Charles M. Rappleye Investigative Journalism Award

Charles Rappleye

About the Grant

Charles Rappleye’s work as a journalist, editor and author was marked by a commitment to original, enterprising research, creative use of public records and archival sources and a belief in the power of writing and, in particular, the long-form narrative. Learn more about his life through this Los Angeles Times obituary.

The Charles M. Rappleye Investigative Journalism Award will be awarded twice yearly to a working journalist or team in need of resources, either financial or in-kind, to support this kind of journalism.

Grants in amounts ranging between $1,000 to $5,000 will be awarded twice a year in December and June. Grants may also include in-kind assistance such as research support, mentoring and access to investigation tools. More than one grant may be given in a given period and applicants with an urgent need may be awarded interim grants outside the regular award cycle.

Grant recipients will be announced at the annual Los Angeles Press Club Awards dinner in June.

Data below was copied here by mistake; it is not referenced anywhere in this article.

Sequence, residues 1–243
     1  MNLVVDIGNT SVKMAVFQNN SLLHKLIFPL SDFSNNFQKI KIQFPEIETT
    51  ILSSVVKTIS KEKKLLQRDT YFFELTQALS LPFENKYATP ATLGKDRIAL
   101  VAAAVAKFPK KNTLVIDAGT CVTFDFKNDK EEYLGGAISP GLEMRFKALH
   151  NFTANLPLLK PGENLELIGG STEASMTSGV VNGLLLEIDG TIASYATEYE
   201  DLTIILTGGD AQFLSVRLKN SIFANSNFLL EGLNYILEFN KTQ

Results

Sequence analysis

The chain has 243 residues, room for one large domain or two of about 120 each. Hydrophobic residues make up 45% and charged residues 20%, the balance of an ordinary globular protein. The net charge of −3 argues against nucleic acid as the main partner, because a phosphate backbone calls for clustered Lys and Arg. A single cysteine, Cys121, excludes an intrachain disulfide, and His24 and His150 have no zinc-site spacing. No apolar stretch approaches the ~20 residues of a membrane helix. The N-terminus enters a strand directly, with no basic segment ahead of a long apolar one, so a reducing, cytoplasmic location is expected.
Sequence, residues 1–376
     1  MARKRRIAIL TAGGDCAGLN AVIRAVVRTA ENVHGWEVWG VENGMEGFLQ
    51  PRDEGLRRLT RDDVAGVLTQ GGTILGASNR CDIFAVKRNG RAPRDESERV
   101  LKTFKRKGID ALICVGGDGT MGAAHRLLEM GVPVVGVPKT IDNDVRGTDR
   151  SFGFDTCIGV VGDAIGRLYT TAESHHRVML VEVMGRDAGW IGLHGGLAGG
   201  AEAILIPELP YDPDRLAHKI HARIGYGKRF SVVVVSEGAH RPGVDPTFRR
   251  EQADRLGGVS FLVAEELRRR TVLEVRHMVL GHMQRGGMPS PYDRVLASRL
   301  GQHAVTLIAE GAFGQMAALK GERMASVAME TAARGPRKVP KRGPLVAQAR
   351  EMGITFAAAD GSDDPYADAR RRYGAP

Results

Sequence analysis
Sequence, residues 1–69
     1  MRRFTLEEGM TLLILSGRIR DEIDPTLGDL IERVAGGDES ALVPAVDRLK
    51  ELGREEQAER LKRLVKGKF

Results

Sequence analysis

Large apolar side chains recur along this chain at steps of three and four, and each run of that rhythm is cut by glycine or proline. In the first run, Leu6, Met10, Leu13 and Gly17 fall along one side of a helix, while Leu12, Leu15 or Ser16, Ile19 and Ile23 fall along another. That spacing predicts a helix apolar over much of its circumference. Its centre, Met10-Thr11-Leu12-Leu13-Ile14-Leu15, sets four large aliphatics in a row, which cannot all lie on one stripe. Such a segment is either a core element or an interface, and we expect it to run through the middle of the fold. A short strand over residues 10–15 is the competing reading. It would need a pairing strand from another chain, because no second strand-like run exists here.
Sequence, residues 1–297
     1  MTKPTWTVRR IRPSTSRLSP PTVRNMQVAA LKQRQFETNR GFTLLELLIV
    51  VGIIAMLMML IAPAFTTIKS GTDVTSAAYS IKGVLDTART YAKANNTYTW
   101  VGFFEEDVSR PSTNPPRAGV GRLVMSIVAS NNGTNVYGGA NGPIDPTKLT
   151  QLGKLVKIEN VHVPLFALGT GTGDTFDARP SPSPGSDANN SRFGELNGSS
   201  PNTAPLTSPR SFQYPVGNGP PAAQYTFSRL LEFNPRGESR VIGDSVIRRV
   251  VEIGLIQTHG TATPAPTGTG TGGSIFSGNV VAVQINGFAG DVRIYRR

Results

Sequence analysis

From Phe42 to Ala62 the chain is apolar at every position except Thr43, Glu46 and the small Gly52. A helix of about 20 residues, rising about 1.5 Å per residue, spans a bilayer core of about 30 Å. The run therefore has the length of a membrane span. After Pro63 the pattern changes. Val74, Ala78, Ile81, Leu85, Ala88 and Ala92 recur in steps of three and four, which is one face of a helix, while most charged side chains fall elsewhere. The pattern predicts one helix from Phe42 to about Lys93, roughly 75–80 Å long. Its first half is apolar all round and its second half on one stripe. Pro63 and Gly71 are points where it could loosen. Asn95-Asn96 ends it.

Guidelines for Submission

Applicants should have already completed significant work on their project and must be able to identify specific investigation or research steps that they are requesting support to carry out.

Applicants should submit a 1-2 page statement that includes a description of:

  • The project they are working on, including work completed to date
  • What support (cash or in-kind) they need and how they propose to use it

Applicants should also include any supporting materials they consider relevant.

Eligibility is open to all journalists, with preference given to journalists working in and/or writing about Southern California and wider southwest. All formats and mediums will be considered, with preference given to long-form print journalism.

Any subject matter will be considered, and the fund encourages works about law enforcement, immigration and the border, local government and public corruption, the media, civil rights and labor rights, organized crime, U.S. policy and involvement in Latin America and the history of Alta California.

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